With the usual methods to train conditional discriminations, the controlling relations will be unknown to the researcher unless special probes are used. A study by Carrigan (1986), however, manipulated experimentally baseline controlling relations. He used a training procedure designed to prevent sample-S+ relations. This produced a homogeneous pattern of sample-S--relations and confirmed the absence of expected equivalence classes. Actually, Carrigan found different classes (that will not be described here, because their logical basis would introduce unnecessary complexity for the purposes of the present study; the reader is referred to Carrigan & Sidman, 1992, for further information). Johnson and Sidman (1993) used a similar procedure and confirmed the earlier findings.

The present study used a within-subject design in which children had conditional discrimination training followed by equivalence tests, with two or more different sets of stimuli. Two training procedures were compared. One induced a homogeneous pattern of both sample-S+ and sample-S--relations. The other attempted to induce a heterogeneous pattern of controlling relations, with exclusive sample-S--control in one of the conditional discriminations.



Four children, with ages ranging from 7 to 9 years, participated. Alice and Fabio attended, respectively, second and third grades in local public schools. They were also participating in a program to teach reading skills (de Rose, de Souza, & Hanna, 1996). Based on their everyday behavior and performance in lab tasks, researchers concluded that their school difficulties were due to inadequacy of school teaching and not to any significant developmental delay. Fred and Barb attended, respectively, first and third grades in local private schools.

Setting and Equipment

Participants' parents brought them to the lab 3 or 4 days per week. Two experimental rooms in the lab housed Macintosh computers (Performa 630 and PowerPC) with 14" color monitors. One of these rooms was a 3 in by 2 m cubicle that had no windows. This cubicle had air conditioner and a fan, and there were cabinets suspended on two of the walls and a desk with the computer on top. The other room was 6 in by 4 m, with the entrance door at the left side of one of the smaller walls. Wooden cabinets covered the rest of this wall. The opposite wall had windows that were covered by curtains, with the air conditioner above them. The longer wall to the left of the door had a one-way mirror, covered by a curtain. The opposite wall had suspended wooden cabinets. The room contained two desks on the rear corners and a round table near the front corner. One desk contained the computer used in the study, and the other contained a PC-compatible microcomputer, which was not used in this experiment. Participants had sessions in either room, depending on availability at arrival time. Fred, who was the son of one of the experimenters, did not come to the lab and had sessions three or four times per week at the study in his own home, with an Apple iMac microcomputer.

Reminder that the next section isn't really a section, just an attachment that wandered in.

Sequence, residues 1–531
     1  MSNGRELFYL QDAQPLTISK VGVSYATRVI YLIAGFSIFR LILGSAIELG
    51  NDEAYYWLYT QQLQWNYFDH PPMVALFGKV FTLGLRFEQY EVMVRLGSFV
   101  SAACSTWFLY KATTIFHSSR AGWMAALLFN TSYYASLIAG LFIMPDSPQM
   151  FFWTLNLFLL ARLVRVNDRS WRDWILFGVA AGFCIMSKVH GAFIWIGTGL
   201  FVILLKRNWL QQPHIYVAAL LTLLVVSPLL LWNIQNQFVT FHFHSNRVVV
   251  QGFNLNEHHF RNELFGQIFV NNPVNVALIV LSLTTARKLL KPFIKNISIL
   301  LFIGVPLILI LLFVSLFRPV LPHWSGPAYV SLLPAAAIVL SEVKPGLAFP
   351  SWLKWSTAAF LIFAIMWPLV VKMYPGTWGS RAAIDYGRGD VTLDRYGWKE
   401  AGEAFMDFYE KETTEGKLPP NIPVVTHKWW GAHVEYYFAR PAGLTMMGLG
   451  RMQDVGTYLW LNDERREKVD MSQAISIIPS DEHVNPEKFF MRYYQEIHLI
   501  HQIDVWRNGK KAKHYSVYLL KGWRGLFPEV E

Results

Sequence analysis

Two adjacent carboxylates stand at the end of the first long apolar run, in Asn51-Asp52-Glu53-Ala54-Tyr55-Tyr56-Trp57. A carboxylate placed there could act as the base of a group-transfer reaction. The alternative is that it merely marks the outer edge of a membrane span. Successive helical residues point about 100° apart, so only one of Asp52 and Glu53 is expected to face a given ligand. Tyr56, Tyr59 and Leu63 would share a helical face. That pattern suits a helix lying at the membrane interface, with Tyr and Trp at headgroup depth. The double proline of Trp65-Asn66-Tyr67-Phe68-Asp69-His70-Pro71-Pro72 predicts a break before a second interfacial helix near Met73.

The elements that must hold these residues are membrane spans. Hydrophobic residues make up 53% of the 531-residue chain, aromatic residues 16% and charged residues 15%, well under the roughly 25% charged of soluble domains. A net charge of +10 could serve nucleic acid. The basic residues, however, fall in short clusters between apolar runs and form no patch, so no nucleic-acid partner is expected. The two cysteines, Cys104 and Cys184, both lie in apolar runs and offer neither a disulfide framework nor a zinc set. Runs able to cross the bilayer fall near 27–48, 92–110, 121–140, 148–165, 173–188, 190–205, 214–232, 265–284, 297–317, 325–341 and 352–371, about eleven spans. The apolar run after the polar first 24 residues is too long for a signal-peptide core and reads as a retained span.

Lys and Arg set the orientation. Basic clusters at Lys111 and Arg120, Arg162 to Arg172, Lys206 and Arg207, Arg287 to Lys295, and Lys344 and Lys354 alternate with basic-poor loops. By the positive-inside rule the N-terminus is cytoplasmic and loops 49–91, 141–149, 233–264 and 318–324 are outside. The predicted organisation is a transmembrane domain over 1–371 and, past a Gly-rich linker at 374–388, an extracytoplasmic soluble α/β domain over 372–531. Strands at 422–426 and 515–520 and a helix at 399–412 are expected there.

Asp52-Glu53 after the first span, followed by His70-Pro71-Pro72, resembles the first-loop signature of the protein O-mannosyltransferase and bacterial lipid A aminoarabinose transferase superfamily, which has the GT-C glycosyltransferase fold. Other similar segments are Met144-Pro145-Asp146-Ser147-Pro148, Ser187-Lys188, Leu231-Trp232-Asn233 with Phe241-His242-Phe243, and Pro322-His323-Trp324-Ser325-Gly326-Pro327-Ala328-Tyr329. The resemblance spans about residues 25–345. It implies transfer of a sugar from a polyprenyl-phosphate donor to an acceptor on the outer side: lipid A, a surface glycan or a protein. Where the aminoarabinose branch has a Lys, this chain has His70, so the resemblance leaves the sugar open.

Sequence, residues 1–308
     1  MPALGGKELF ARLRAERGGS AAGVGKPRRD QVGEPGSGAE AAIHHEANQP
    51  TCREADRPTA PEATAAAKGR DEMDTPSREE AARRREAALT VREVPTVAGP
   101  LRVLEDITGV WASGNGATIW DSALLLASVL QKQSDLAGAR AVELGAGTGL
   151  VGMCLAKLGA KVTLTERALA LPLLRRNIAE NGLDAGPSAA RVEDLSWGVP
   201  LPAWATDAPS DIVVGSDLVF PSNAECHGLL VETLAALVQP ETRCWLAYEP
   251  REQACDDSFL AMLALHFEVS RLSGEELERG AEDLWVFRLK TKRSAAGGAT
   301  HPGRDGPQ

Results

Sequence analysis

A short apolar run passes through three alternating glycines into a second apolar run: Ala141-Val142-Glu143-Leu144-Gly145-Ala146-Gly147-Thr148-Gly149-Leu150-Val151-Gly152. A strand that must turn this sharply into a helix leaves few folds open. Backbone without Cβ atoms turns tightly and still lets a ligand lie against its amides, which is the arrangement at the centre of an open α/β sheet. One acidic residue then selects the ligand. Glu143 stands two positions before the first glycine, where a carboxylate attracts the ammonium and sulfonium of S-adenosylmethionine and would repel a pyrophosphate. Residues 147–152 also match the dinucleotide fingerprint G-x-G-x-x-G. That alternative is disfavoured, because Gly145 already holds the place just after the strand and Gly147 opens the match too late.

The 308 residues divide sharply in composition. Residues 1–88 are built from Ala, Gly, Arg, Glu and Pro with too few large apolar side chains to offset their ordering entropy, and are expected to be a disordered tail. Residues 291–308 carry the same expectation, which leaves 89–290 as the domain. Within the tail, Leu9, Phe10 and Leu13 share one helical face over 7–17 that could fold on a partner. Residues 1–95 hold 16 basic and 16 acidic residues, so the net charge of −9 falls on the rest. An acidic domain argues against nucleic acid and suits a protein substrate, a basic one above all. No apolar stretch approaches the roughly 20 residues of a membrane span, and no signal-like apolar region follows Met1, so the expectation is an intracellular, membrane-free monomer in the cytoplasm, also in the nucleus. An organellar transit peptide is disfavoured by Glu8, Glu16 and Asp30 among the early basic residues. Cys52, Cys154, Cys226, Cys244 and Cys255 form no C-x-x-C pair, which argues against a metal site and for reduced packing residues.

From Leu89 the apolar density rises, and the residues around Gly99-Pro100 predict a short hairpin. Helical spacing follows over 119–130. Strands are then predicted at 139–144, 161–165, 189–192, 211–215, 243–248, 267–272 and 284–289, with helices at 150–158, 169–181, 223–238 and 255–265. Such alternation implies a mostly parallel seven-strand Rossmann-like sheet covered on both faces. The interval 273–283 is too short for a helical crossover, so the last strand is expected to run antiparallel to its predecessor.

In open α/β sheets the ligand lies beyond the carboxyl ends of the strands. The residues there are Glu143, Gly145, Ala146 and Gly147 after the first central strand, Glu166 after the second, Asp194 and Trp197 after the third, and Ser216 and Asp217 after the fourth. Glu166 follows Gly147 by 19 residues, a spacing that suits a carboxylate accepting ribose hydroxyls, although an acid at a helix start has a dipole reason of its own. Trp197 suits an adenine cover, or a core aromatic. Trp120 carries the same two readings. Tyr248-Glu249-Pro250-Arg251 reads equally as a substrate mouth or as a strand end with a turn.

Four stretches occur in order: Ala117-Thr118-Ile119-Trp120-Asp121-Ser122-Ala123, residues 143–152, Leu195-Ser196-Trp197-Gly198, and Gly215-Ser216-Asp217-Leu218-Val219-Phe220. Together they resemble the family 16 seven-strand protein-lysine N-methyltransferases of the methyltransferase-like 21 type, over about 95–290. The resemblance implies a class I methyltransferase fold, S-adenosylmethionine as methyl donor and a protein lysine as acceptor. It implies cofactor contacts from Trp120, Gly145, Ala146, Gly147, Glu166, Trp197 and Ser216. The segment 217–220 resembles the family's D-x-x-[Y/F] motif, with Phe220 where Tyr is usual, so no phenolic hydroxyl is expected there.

Session execution was controlled by the MTS v. 11.6.7 software (Dube & Hiris, 1999), which presented stimuli, recorded responses, and delivered programmed consequences. The software displayed stimuli on the monitor's screen, on five 3 cm by 3 cm white "windows" on a gray background, at the center, top left, top right, lower left, and lower right of the screen. In the experimental phases, stimuli were line drawings of abstract pictures (see Figure 3). Familiar pictures appeared only in the pretraining phase (see the next section). Participants responded to the stimuli by moving the mouse, positioning the cursor on the window, and clicking the mouse. Barb had additional conditions in which she responded by pressing keys on the numeric keypad on the right-hand side of the computer's keyboard, corresponding to the windows' locations. Active keys were 7, 9, 5, 1, and 3, corresponding, respectively, to windows located at the top left, top right, center, bottom left, and bottom right. Correct responses produced a visual display of moving colored stars, together with a sequence of tones. Incorrect responses produced a 3-s timeout, during which the screen remained dark. In some phases of the study, no differential consequences followed correct or incorrect responses (see the next section).